I'm nearly immune to barking. At least big-dog barking. Little yappy-dog barking still gets on my nerves, but I don't have any little dogs, so that's not a big problem in my world. My stress and irritation come because I have always gone out of my way not to impose my dogs on others in the immediate vicinity who may not be as devoted to dogs as I am. So when he starts barking, my tension level begins to rise, worrying that someone in the house next door might be sleeping, nursing a hangover headache, or trying to do some other domestic task that would best be accomplished with some QUIET.

One option would be to shut the gate in the fence that surrounds our back door, deck, patio and pool, thus denying him (and out of necessity the other dogs) access to the rest of the big back yard. That puts another tall wooden privacy fence between him and his view of the road. The downside to this is that he would soon begin to make frequent trips (and potty stops) on the top of the snow-and-ice-covered in-ground pool cover. This is not a big issue right now, but much more problematic as it begins to thaw. Hauling a soaking, freezing dog out after he falls through slushy ice is Not Fun. And yes, I do know this first-hand. Plus, when spring arrives, much poop would have to be scooped and/or pumped off the pool cover turned canine septic tank. Also Not Fun. Even if it's not on the actual pool cover, a winter's worth of large dog droppings in the mulchy area around the pool is also undesirable (or so says my husband, who is the designated poop-scooper, mainly because it bothers him way more than it does me).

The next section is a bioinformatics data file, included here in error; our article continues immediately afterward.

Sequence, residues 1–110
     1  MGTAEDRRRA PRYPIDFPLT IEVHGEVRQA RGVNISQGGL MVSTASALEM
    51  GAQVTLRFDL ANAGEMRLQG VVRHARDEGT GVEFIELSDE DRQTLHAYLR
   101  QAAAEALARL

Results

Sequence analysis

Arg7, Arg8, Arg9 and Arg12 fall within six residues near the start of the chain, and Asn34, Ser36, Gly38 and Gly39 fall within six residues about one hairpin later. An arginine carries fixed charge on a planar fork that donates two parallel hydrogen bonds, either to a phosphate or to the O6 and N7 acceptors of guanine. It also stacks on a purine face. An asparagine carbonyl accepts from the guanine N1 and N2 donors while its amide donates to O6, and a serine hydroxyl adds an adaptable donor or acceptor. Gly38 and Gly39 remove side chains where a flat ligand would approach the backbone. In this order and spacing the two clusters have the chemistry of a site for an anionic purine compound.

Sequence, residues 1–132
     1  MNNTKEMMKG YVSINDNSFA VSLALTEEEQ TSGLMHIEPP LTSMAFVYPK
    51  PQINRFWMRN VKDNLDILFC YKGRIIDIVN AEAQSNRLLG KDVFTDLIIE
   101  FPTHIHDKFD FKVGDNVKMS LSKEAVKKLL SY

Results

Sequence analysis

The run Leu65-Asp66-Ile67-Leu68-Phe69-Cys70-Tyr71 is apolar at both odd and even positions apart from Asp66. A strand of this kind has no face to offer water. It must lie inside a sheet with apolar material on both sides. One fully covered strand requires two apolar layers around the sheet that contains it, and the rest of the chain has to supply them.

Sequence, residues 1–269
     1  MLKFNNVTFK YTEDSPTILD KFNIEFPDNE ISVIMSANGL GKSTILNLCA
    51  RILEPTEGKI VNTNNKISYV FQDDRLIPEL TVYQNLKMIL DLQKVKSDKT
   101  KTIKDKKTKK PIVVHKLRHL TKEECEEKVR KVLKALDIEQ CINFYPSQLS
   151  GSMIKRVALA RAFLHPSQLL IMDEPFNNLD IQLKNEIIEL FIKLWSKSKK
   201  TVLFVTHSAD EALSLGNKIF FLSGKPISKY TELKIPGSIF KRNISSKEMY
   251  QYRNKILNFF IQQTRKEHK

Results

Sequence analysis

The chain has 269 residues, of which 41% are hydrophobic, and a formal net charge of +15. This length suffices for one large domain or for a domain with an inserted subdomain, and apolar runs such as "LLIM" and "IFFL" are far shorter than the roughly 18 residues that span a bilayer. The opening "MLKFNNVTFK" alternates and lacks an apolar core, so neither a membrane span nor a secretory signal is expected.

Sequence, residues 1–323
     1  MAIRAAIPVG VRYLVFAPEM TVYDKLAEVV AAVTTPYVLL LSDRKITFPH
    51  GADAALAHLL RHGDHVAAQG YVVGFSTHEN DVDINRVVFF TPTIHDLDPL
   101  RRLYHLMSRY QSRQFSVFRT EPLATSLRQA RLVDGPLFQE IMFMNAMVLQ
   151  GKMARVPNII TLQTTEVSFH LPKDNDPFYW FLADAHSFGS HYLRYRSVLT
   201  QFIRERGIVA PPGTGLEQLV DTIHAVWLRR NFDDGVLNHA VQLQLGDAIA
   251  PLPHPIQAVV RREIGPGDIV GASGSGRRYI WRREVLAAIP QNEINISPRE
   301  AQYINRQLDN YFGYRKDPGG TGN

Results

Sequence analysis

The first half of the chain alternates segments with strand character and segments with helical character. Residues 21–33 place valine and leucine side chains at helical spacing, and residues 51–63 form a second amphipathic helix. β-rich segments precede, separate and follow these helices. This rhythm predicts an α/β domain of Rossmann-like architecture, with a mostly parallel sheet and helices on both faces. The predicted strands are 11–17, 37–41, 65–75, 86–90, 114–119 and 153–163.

Let me be clear about two things. I will not, under any circumstances either de-bark my dog, or use a shock collar. I'd move us all to a remote Canadian outpost first.

Which still leaves me searching for a solution. Trekking down the Killer Steps of Death (currently covered in three inches of ice) in my floppy boots, dog-hair-covered sweat suit, and parka is something I don't tend to do a lot of in the depths of a Minnesota winter. This makes in-person corrections, rewards or distractions difficult.

So far, I'm considering duct tape, a moat (wait, he's a golden, he'd like that... plus it would be frozen, and therefore not a moat but a slippery road running parallel to the highway, so maybe
I should just get him ice skates), super glue, a paintball gun (that was my husband Tom's idea), a helper monkey (also Tom's idea, but he really just wants a monkey), or perhaps a scud missile. We talked about those ultrasonic things you mount on the fence, that make an "unpleasant to dogs" sound when something loud happens near them, but he'd never hear the "unpleasant to dogs" sound over his own bark. A citronella collar sounds like a good possibility. At least he'd smell all herbally. The helper monkey would probably enjoy that. Wonder what frozen citronella is like around a dog's neck/chin, though.